Scholar: Putin's biggest fear is a Maidan in Moscow
As EU leaders discuss sanctions against Russia, Ukrainian Catholic activists Borys Gudziak and Myroslav Marynovych told EurActiv that Vladimir Putin is most afraid that domestic protest movements, influenced by Euromaidan, will remove him from power.
Borys Gudziak is the president of the Catholic University of Lviv and Myroslav Marynovych is vice-Rector of the university and the founder of Amnesty International Ukraine. They spoke to EurActiv’s Laurens Cerulus.
Tomorrow (21 March), the signing of the political part of the Association Agreement is on the agenda at the European Council in Brussels. How important is this element for the Ukrainian government?
Gudziak: For many Ukrainians, the question is why the EU is only signing the political side. The EU was willing to sign the full agreement with former president Viktor Yanukovych before he fled, and even after that.
The fact that only the political parts will be signed is a sign of hesitation on the part of Europe, to move towards Ukraine – at a time when we actually have a democratic government.
The question is why shouldn’t Europe move now, and offer the full Association Agreement, as it did last December? That would include the economic parts of the agreement.
What do you expect from the European Union sanctions, that will be discussed EU leaders, this evening?
Marynovych: The earlier sanctions were a step in the right direction. But, as commentator Vladimir Posner said: it is a little pinprick for Russia. A few Russians can’t travel to the US, or they have their accounts frozen – that is not a painful thing. In fact, many are proud to be sanctioned by the US.
More broad economic sanctions would help; not only on individuals.
Over the long term, I feel this is a wake-up call for Europe to reconsider its energy policy: Europe is being held hostage by its energy dependence on Russia. Ukraine is a bargaining chip [of this interdependent relationship]: it is treated first and foremost as an object in a greater geopolitical trajectory.
In your meetings with European Council president Herman Van Rompuy, and with others in Brussels, did you feel there is a strong tendency to make promises?
Marynovych: It is a reaction of “yes, but”. There is caution. What Europe should realise is that its long-term security is connected, too. It is not only about the territorial integrity of countries like Ukraine or Georgia, but also about guarding the rule of law; of justice for all. It is about a reduction of corruption, and a thriving democracy, which needs a civil society.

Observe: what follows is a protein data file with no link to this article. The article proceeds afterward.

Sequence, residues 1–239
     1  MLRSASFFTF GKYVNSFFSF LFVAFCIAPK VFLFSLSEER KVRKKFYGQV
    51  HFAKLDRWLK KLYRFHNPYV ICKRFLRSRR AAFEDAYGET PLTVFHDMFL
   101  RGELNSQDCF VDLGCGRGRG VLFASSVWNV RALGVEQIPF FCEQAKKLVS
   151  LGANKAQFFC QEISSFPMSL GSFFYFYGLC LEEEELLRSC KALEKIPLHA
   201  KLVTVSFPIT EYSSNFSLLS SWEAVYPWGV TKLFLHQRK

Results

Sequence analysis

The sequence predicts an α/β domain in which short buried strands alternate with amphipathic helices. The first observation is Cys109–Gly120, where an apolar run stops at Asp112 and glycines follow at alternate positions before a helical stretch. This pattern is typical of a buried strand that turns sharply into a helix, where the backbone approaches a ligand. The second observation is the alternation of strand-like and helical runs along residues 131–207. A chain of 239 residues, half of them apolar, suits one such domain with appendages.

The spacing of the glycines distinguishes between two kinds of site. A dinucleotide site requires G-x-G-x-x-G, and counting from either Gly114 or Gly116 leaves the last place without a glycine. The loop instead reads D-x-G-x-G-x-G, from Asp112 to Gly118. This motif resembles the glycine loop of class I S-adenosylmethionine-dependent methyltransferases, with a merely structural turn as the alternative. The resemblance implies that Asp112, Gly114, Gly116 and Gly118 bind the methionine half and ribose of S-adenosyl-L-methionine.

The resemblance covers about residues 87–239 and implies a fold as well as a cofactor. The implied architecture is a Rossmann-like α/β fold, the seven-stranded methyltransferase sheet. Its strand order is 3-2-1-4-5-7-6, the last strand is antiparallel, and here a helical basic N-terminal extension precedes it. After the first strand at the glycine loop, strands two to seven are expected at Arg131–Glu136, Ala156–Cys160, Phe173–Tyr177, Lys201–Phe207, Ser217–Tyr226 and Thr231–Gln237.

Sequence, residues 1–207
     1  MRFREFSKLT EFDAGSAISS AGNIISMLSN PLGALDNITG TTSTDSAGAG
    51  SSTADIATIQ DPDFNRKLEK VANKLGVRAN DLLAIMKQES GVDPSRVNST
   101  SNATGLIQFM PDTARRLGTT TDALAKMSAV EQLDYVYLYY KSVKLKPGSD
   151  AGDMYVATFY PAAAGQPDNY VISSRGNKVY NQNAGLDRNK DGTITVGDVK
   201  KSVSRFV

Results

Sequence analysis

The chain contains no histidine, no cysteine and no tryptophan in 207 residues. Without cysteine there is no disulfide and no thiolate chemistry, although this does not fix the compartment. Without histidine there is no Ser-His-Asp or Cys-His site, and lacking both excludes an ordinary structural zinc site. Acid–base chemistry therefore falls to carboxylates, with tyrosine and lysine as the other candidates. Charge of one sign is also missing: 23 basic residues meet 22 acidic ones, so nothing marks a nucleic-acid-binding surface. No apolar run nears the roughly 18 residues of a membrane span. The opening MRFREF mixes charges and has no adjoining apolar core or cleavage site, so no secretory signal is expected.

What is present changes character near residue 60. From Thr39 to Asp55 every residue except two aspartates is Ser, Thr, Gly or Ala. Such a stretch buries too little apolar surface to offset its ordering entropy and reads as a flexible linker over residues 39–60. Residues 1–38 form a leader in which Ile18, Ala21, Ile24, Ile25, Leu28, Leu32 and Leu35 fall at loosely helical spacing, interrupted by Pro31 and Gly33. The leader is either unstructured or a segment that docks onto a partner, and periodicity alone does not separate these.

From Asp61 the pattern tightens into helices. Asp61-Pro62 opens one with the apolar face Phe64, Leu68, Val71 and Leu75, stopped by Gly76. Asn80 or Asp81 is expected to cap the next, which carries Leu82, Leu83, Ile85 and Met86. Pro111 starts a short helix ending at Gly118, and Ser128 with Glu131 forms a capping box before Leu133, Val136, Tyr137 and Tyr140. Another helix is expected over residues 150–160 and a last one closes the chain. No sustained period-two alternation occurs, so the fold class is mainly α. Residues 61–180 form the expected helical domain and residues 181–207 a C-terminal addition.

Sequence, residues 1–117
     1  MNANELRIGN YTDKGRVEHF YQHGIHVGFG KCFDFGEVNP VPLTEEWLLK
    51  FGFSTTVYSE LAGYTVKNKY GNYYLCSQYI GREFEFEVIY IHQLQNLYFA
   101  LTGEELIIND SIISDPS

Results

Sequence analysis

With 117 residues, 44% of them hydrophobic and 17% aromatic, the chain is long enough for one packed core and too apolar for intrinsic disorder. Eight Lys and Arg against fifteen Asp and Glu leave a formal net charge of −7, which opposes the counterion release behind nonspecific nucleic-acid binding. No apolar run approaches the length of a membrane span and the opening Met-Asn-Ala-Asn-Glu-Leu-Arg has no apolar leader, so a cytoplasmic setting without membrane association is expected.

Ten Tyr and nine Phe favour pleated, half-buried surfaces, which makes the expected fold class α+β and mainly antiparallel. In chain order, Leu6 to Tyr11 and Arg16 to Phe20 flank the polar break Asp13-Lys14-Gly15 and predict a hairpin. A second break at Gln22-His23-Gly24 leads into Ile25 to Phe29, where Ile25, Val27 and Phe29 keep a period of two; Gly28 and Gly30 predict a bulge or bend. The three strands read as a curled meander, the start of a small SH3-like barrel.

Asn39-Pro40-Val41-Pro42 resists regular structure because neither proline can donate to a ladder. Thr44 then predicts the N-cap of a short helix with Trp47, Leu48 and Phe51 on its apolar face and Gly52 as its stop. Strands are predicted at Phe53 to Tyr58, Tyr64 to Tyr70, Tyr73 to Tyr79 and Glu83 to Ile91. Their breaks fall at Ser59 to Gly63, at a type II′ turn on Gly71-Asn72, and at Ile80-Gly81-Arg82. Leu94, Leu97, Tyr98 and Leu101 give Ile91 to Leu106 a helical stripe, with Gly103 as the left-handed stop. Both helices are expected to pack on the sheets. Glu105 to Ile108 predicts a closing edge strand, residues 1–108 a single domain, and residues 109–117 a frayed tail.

But also it is important for us to answer some questions for people, in order to block the information war organised by Russia.
It seems to me that Europe, and the world, cannot imagine the falseness of the Putin administration’s communication. It is a total misinterpretation of facts. We cannot combat these lies because people think that – even if exaggerated – there is something truthful in it.
Gudziak: This image, which has been presented to the West for many years, has created an interpretation which keeps the West from acting decisively.
What do we do with the referendum that was organised in Crimea? How can the EU and US respond to this?
Marynovych: We must put this in a proper framework. In 1994, Ukraine gave up its nuclear arsenal. At that time, it was the third biggest in the world. In exchange, it was guaranteed territorial independence. Now, one of the powers that signed this deal has violated this as well as many other agreements.
How can the world deal with this? If the international community sits around the table and discusses a compromise through diplomacy, it means the end of international law. You can expect North Korea, or other nuclear powers, to cite this example and argue they need nuclear weapons to ensure their integrity.
I’m glad the West has not recognised the referendum, but this is in fact a pre-condition of talks. The argument should be: first you withdraw your troops, then we can sit down and discuss the future of Ukraine.
Observers have said Putin knows the West is too weak, diplomatically, to tackle this crisis. Do you feel they are right?
Gudziak: At this point, it is at an early stage, but it is clear that the EU and US responses are not a deterrent. Russia sees that the West is weak, and it plays by cynical rules. The Western response needs to be much stronger; much more direct.
Evil is something that cannot be allowed to progress. Europeans need to recognise this. There is a naivety surrounding the EU’s response. The fact is that we’re dealing with a person, and a political culture created by this person, which breathes aggrandisement.
What Europe should realise is that the movement in Ukraine, the anti-corruption movement of the Maidan, is something that could influence neighbouring countries. And that democracy in Ukraine threatens Putin because he is afraid of democracy in Russia.
But Putin is also afraid of the movement that the ‘Maidan’ has created. He is afraid of the free press in Ukraine; of democracy. This could spread, for example to Moscow. There is much discontent in Russia, amongst the civil movements, but also amongst the business people that Putin antagonised.
To maintain control – and prevent domestic opposition – he spreads authoritarianism to the near abroad, where freedom has come to flourish.